- Commerce Clause, Article I, Section 8 of the Constitution stated that "The Congress shall have Power...to regulate Commerce with foreign Nations, and among the several States, and with the Indian Tribes."
- Intercourse Act of 1790 declared that the US government would “regulate trade and intercourse with the Indian tribes” and that treaties between the US and the Indian nations were the only legal means to obtain Indian land.
- France and England. French Revolution began in 1789, ending in 1793 with creation of the Republic. Soon thereafter, France declared war on Britain and Spain and asked the U.S. to enter as an ally.
Washington issued a Proclamation of Neutrality on April 22, 1793. But the English responded to America trade with the French by seizing American vessels and cargoes. Anti-British emotion ran high, and in 1794, Washington sent Justice John Jay to England as a special envoy.
- Jay's Treaty - British promised to withdraw troops from U.S. by 1796 and US promised to pay prewar debts to British merchants. But the treaty did not honor America’s demand for freedom on the seas.
- British/Spanish/Indian Allies. The British and Spanish tried to detach the West from the U.S. through “divide and conquer” techniques. In 1794, British and Spanish built new forts. Two treaties resulted:
Pickney's Treaty with Spain - Spain recognized 31st parallel as southern border of U.S., granted Americans free navigation of Mississippi River, promised to dismantle all fortifications on U.S. soil, and pledged to discourage Indian attacks on western settlers.
Treaty of Greenville with 12 northeastern tribes - After a year-long campaign of American militia against the British-backed tribes, the Indians were severely beaten. Treaty opened most of the Ohio Valley to white settlement and temporarily ended Indian hostilities.
Both treaties established American sovereignty over the land west of the Appalachians; opened a vast market to American commerce; and furthered the political rift - Republicans claimed the treaties sold out American neutrality and republican principles in exchange for profits.
- There were essentially three "founding moments" in the Revolutionary
Era of U.S. History that created three founding documents - the 1776 Declaration of American independence, the Articles of Confederation; and the Constitution.
- The Articles of Confederation, the first American constitution, provided
for a weak central government and a loose union of strong state governments.
The Articles were replaced by the Constitution which created a strong central
government within a federal system of shared power and dual lawmaking between
three branches of government
The adoption of the Constitution set off a political debate between
two potent forces - the Federalists and the Republicans (Anti-federalists).
Today, the battle still rages between the forces of federalism who favor
a strong central government with broad governing powers, and the forces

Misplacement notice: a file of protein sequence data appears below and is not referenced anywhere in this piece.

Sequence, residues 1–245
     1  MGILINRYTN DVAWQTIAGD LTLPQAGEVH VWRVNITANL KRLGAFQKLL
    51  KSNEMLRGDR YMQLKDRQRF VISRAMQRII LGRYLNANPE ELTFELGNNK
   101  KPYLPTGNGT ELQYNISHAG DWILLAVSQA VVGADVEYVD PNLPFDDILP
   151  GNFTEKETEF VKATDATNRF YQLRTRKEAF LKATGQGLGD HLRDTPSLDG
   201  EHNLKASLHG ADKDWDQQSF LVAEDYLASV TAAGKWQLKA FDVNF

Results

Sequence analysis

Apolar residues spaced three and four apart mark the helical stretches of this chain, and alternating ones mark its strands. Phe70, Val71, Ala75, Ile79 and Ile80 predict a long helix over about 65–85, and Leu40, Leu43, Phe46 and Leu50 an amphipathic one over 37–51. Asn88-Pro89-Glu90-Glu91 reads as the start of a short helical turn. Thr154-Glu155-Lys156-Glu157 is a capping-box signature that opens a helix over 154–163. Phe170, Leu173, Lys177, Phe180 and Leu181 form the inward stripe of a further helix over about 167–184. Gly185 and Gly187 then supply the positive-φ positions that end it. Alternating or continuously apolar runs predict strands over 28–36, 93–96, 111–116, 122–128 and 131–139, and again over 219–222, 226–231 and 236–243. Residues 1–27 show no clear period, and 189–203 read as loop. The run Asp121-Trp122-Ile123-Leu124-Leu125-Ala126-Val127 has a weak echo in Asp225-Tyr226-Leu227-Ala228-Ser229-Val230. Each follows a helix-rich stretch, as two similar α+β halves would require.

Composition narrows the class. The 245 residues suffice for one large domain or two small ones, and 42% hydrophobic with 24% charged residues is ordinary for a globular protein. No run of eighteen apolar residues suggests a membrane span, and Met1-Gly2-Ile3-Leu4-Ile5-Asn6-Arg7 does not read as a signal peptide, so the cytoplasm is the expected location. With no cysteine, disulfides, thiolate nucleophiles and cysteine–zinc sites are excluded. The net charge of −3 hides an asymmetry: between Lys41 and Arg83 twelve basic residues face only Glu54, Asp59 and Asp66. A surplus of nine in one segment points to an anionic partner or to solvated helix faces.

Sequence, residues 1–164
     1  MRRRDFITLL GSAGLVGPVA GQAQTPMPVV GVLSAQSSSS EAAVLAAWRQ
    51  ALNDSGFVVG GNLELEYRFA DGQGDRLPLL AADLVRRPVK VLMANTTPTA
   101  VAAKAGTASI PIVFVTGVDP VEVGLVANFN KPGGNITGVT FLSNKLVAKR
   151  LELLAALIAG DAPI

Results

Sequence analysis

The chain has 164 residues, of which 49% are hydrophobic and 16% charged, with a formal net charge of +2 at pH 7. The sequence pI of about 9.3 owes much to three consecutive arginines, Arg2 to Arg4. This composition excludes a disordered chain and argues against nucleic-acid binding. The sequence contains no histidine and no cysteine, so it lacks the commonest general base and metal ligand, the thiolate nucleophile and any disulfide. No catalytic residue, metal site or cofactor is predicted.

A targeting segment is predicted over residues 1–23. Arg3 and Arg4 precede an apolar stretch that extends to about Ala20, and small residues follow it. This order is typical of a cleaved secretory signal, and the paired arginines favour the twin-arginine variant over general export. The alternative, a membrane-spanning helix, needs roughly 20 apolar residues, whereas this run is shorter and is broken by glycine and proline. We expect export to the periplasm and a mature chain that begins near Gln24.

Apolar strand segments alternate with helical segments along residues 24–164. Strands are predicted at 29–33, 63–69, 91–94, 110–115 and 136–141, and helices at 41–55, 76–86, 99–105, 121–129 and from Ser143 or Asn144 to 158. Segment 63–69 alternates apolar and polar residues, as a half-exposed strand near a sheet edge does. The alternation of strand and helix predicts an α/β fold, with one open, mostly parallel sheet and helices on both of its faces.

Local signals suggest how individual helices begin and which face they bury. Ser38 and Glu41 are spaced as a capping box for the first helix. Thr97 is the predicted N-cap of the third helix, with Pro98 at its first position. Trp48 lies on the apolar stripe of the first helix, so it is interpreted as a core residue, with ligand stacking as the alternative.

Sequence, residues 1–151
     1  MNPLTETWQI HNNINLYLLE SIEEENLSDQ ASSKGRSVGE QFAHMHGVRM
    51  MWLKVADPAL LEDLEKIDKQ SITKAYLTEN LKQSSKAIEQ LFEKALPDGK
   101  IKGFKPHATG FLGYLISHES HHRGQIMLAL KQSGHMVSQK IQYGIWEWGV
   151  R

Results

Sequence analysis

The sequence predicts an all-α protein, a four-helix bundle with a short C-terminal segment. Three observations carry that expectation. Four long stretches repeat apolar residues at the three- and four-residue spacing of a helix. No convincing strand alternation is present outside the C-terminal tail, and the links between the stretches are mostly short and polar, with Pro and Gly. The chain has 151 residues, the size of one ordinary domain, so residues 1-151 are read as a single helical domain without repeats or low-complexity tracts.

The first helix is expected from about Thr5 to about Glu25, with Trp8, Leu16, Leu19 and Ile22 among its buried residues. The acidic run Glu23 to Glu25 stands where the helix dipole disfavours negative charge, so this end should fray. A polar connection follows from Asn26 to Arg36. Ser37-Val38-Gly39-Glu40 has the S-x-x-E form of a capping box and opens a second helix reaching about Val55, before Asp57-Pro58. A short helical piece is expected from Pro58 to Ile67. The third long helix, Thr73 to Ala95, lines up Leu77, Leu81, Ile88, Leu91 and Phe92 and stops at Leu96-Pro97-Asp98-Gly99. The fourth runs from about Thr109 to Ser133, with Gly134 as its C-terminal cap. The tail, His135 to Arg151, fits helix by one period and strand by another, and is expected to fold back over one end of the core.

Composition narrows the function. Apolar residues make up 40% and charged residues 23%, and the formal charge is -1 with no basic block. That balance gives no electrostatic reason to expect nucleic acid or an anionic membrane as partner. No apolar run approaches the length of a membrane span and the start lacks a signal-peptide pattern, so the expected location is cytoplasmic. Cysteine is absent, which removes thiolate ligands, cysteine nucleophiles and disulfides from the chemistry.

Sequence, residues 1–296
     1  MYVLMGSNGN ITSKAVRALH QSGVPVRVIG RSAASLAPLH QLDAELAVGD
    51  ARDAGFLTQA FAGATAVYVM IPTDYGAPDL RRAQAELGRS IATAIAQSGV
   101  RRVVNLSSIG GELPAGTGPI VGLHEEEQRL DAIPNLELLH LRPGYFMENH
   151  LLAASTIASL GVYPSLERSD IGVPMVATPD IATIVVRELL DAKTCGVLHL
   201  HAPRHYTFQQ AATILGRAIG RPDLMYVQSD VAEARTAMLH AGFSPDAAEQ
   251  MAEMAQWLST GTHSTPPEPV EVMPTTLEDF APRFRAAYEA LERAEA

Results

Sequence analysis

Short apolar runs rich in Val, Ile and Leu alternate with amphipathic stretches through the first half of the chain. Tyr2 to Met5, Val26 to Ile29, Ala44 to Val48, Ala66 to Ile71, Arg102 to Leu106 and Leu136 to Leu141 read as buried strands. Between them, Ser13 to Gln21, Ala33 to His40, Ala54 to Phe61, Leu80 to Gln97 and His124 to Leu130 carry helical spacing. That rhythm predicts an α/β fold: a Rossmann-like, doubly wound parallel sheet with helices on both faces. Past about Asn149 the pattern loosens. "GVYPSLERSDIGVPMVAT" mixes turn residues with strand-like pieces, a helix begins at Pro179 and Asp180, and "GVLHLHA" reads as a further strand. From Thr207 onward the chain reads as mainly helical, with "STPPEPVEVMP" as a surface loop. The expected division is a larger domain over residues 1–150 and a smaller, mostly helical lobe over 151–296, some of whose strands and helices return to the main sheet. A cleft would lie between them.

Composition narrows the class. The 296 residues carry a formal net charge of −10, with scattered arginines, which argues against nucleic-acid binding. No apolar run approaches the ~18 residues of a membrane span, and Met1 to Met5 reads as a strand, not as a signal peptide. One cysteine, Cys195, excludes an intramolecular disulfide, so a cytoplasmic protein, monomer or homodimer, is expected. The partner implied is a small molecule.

of anti-federalism who feel the central government has usurped the powers
of the people and that power needs to be devolved to the state and local
The Founding Fathers did not create a radically revolutionary document.
The Constitution did not end slavery, nor did it significantly broaden
the electorate. Rather, the Constitution represented a shift from
a completely non-democratic form of government that existed prior to the
Revolution, to a somewhat more democratic government. In essence,
the republic it created opened the door for true democratic involvement
- a process that continues through today.
The Founding Fathers defined the federal government in secular terms
that clearly delineated a "wall of separation" between church and state.
In so doing, they enacted the only really revolutionary provisions of the
Despite the Founding Fathers' intention to avoid partisan politics,
by the turn of the 19th century, political, social, economic, and ideological
divisions were apparent throughout the United States.
Many positive trends developed during the first 11 years after the
Constitution was signed.
- The Articles of Confederation were designed to prevent the central
government from infringing upon the rights of the states, whereas the Constitution
was written to create a strong central government that would check the
power of the states.
At the same time, several divisive trends also developed:
- The nation grew geographically and economically.
- American sovereignty was established over land west of the Appalachians
via a series of treaties with Spain, England, and the American Indians.
- Federal policy recognized American Indian tribes as independent nations.
- Two separate political parties originated..
- A precedent arose for collecting federal revenues by imposing duties on
imported goods, rather than by direct taxation.
- Communication between regions and among states improved with increasing
number of newspapers.
The sum total of the positive and negative trends that occurred during
this period represented an evolutionary step forward rather than a revolutionary
departure from the past.
- The nation grew at the expense of the American Indians.
- The nation increasingly was divided by sectionalism between easterners
and westerners and between northerners and southerners.
- Politics became increasingly partisan with Federalists aligned primarily
with northern, urbanized monied classes and Republicans appealing to agrarian,
western, and southern interests of the "little" people.
- Government increasingly was divided between those who favored strong centralized
control in the hands of privileged leaders and those localists who favored
states rights and direct elections of the electorate as a whole.
- The first federal laws were passed to curb opposition to government - Alien
and Sedition Acts.
- The first armed opposition to federal law - the Whiskey Rebellion - was
organized, carried out, and put down with federal forces.
- Social and economic gaps widened between rich and poor, whites and blacks.
- Frontier urbanization brought disorder, confusion, and greater social stratification
among the population of growing cities.
- A division arose over the Founding Fathers' original intent of the Constitution
- loose versus strict constructionism.